The International Commission on Radiation Protection (19) recommends reference levels in the range of 2,000 to 10,000 mrem (20 to 100 mSv) for protection of human health in emergencies, and in the range of 100 to 2,000 mrem (1 to 20 mSv) for occupational exposure, exposure by caregivers, or residential radon exposure.” [What happened to the US EPA’s own rule of 0.25 mSv (25 mrem) max annual exposure due operating reactors? ICRP does not “recommend” these high levels. These levels do not “protect”. ICRP recognizes that they may be difficult to avoid in an emergency. In non-emergencies they say that consideration should be made for if the person gains any benefits, for multiple exposures, and long-lived radionuclides, meaning ICRP “recommends” more like 0.3 mSv (30 mrem) per year, slightly above the US EPA’s own 0.25 mSv (25 mrem) per year.

According to the more even-handed, US government funded, BEIR VII report, when a population is exposed to a total of 100 mSv, approximately 1% will get cancer due to this exposure alone, i.e. extra, excess cancers. This is 1% per 100 mSv total exposure. Approximately half will die of these life-shortening cancers. Life-shortening effects are of the order of 14 to 15 years, meaning that people will die, on average around retirement age. BEIR VII’s high end estimate was 3% excess cancers due to 100 mSv exposure. A recent government funded study of nuclear workers suggests an estimate of 15% or greater excess cancer risk due to 100 mSv exposure alone. These are unacceptable and unnecessary risks. See: https://miningawareness.wordpress.com/2015/12/19/another-look-at-the-recent-low-dose-radiation-exposure-study-inworks Are you willing to die for the profits of the nuclear industry?]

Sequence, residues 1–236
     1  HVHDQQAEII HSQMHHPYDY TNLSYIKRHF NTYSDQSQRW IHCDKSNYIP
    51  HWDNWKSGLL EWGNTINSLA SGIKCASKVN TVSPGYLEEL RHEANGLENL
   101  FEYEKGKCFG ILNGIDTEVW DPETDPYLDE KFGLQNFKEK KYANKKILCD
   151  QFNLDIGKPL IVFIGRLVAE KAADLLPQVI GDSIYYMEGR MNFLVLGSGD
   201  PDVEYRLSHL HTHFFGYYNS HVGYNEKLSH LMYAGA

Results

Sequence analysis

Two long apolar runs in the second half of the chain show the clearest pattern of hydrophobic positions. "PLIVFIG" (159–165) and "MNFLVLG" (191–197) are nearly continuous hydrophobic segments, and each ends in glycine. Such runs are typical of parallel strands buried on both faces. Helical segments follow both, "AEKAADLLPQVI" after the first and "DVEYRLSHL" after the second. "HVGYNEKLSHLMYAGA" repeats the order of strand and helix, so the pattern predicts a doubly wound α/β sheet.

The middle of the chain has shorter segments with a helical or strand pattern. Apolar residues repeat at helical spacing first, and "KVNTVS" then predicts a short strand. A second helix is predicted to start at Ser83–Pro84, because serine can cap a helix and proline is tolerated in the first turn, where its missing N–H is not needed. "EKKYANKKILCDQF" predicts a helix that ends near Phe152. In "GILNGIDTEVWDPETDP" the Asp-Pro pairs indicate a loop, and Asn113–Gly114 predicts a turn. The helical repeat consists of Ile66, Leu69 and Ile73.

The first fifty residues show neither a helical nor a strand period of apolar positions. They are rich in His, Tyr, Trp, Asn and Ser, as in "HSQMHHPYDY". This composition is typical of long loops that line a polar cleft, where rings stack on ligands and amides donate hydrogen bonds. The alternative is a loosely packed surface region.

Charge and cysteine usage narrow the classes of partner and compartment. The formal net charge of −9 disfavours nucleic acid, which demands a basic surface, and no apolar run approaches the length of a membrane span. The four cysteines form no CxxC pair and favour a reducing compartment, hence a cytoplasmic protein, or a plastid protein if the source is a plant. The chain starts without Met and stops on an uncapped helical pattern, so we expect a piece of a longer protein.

Based on a risk reduction approach EPA is proposing its drinking water PAGs at the lower (more stringent) end of the latter range as an added layer of precaution.” [This is not lower! It’s not more stringent! ]
The Japanese authorities applied a two-tier set of provisional emergency standards to I-131 in water: 300 Bq/L (about 8,100 pCi/L) for adults and 100 Bq/L (about 2,700 pCi/L) for infants (specifically for drinking water used to prepare baby formula).” [Is Fukushima to be a model? US EPA’s recommended level exceeds this I 131 contamination level. This I-131 contamination even exceeds the US FDA’s rule. Nonetheless, Japan has now lowered their radiation in food and water standard, so that it’s probably the most protective in the world, whereas the US appears to have the least protective standard, already. The Clean water rule was the only thing that the US had left to help compensate for the outrageous amounts of radioactive materials allowed in food. The FDA rule is in place all of the time, not just for emergencies.]
The National Primary Drinking Water Regulations (NPDWR) for radionuclides, set forth in 40 CFR Part 141, effectively adopt a dose-based limit of 4 mrem/yr for beta particle and photon radioactivity. These requirements are based on lifetime exposure criteria, which assume 70 years of continued exposure to contaminants in drinking water” [This is frightening. They choose when Americans die now? This is the world average and probably includes high levels of infant mortality in poor countries. Even in poor countries people can live to be very, very old. US female life expectancy is almost 82. But, it’s not the maximum life-span possible! Not by far! https://en.wikipedia.org/wiki/List_of_countries_by_life_expectancy ]